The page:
Julius Caesar said that the man who would lead the people must remember always to live simply, but Codreanu took nobility in leadership a step further. He saw political command as a privilege that was to be earned through constant service and sacrifice, and not just in the period before taking power. Too many revolutions had resulted simply in a change in the names of the inhabitants of the plushest homes, with the new elite quickly adopting the ways of the old. Codreanu insisted upon a life-long vow of poverty for the officers of his Iron Guard — the activist wing of the Legionary Movement. His leaders were required to be always correct and sober.
The Legionary Movement was built in its rural strongholds by activists moving from village to village, on footpaths to avoid the police on the roads, singing nationalist songs and doing work which would benefit local people: helping bring in the harvest; building or rebuilding a bridge; mending a road; clearing a ditch; or restoring a church. “The village lads knew little of what we were or what we wanted, but they sang our songs,” says the Legionary Songbook. Songs around the campfire, not speeches, were the spearhead of the Legion, especially in the countryside.
The issue of violence haunted the Legion from the day that Codreanu shot down his tormentor Manciu. Codreanu came to see his enemies in the government as corrupt and cowardly murderers, and at first he thought that they could be cowed by counter-killing. The problem was that the state could easily replace such men, buying new flunkies with more money and promises of ever-greater ruthlessness, while each Legionnaire was a rare and precious asset.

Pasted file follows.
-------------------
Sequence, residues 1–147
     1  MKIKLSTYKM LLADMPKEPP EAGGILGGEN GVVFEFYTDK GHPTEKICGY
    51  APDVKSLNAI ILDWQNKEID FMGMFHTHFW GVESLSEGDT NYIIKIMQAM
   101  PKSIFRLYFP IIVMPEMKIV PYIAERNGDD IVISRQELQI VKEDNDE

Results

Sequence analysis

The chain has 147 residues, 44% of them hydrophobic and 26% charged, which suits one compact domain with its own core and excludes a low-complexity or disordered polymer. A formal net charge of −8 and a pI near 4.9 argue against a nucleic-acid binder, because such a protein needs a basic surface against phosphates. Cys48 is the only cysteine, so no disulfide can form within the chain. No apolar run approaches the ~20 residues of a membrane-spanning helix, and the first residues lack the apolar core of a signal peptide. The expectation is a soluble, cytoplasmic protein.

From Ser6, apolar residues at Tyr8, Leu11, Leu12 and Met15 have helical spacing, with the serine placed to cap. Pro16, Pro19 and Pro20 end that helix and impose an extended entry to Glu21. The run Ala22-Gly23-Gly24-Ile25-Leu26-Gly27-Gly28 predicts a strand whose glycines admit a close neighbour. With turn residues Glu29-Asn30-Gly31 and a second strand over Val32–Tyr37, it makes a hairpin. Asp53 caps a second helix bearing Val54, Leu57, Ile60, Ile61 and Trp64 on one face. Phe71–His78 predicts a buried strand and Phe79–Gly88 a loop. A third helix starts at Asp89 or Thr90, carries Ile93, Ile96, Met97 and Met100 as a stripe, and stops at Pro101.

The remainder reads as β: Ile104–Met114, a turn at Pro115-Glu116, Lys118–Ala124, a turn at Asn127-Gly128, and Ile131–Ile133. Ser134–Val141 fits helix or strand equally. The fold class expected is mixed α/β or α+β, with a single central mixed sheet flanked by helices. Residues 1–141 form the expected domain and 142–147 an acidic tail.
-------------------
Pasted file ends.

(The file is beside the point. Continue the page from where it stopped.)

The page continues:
So Codreanu declared a policy of strict legality. No more killings of oppressive state officials would be tolerated, regardless of their crimes. But the killing and counter-killing went on. A former Legion leader, Stellescu, who betrayed the Movement received 120 bullets from ten Legionnaires who — in keeping with Legion policy — promptly turned themselves in. Eventually, the Prime Minister of Romania was gunned down, as the militants did not realize that it was actually “good” King Carol who was directing their suppression. The problem was that the Captain could not control the extraordinary men of action he had recruited and moulded, and neither could he abandon them if he thought they acted in good faith.